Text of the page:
Fee Structures for Legal Services
The Different Ways a Lawyer May Charge You for Legal Counsel
There are three different types of fee structures for most legal services:
- Flat fee – With a flat fee arrangement, you pay a fixed amount for the work done. This is most common when the lawyer is preparing and executing a document, such as a will or trust, deed or simple contract. You should be careful when entering a fixed fee arrangement, as many fees may not be refundable.
- Hourly fee – Instead of a flat fee, the lawyer may charge for their time by the hour, at a specified rate. The more time your lawyer spends, the more you will pay in fees. The attorney may ask for a “retainer” at the beginning of your case, which is like a down payment and will be applied to the hourly fees incurred. If the attorney spends more time than the retainer fee covers, you will be billed for the additional time. You should always get an estimate of the anticipated number of hours to resolve your case, and you should have a clear agreement about when the attorney needs your permission to go beyond that estimate. As with fixed fees, retainer fees are often non-refundable. Be certain to read your fee agreement.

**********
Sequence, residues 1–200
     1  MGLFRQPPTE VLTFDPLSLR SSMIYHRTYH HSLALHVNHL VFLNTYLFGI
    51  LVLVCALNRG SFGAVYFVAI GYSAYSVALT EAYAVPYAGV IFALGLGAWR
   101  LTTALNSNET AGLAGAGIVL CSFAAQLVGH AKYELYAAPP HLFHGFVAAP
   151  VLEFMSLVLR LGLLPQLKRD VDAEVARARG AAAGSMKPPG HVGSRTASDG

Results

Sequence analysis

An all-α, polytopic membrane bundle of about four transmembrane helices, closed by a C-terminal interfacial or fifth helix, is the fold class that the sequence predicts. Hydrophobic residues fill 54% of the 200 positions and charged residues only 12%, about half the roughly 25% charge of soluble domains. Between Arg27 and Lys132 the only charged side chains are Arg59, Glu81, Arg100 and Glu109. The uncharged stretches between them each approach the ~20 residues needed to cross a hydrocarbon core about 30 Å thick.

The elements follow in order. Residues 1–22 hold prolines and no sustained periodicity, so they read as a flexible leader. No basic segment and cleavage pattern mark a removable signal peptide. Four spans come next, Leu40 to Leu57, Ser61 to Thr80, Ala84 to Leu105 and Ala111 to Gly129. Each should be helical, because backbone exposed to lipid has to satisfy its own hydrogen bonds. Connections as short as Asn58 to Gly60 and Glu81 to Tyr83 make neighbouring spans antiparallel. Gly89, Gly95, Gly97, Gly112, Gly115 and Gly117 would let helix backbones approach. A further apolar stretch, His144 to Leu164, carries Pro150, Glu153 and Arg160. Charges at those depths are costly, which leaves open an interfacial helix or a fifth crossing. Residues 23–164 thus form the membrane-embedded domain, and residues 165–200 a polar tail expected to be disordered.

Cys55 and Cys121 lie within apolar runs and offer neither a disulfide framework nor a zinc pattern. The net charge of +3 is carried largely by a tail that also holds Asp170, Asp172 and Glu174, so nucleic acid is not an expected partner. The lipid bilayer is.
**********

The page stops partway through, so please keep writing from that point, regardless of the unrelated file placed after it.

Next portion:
- Contingency fee – A contingency-fee arrangement means your lawyer takes a percentage of any verdict or settlement recovered on your behalf, usually anywhere from 25% to 40%. The contingency fee does not cover administrative costs, such as filing fees, court reporter fees, and expert witness fees. It is only for the attorney’s time.
When you enter into a contingency-fee agreement, you assign your right to compensation to your lawyer. Accordingly, if you choose to replace your legal counsel before your case is resolved, the lawyers will have to work out how the contingency fee is split.
Take the Time to Read Your Fee Agreement!
Before you sign a contract to hire a lawyer, read the fine print, so that you know exactly how you’ll be billed and what you will be required to pay. Don’t let the lawyer pressure you into signing anything unless you fully understand what you’re signing. In most instances, it’s a good idea to take a copy of the contract home with you, reread it, and return to sign it only if you are comfortable doing so. When you understand all the potential costs, you’ll have a much better relationship with your lawyer.